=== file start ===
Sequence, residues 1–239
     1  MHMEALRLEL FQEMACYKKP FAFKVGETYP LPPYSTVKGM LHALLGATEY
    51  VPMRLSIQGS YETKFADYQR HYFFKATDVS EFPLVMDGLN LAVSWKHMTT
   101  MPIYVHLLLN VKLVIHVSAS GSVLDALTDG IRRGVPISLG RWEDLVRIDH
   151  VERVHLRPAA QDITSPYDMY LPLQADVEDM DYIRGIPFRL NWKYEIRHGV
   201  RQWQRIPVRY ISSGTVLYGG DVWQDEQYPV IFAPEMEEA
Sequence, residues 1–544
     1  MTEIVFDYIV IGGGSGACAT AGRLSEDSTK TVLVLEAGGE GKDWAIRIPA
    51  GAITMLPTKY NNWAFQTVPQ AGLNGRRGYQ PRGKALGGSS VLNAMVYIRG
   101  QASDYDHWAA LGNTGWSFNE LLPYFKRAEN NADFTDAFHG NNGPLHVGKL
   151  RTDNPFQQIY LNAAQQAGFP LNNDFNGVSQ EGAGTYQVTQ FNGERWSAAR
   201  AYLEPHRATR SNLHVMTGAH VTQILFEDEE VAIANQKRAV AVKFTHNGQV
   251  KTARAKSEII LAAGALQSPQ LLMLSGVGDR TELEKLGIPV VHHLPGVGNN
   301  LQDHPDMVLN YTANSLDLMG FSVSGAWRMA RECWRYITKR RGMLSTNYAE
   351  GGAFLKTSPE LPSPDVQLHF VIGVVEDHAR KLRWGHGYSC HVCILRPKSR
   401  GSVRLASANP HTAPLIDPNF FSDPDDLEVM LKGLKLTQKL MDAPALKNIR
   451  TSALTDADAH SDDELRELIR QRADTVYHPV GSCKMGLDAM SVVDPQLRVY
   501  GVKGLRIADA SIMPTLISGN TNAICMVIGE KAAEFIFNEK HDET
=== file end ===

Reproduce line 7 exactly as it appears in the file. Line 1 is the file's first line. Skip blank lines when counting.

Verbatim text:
Sequence, residues 1–544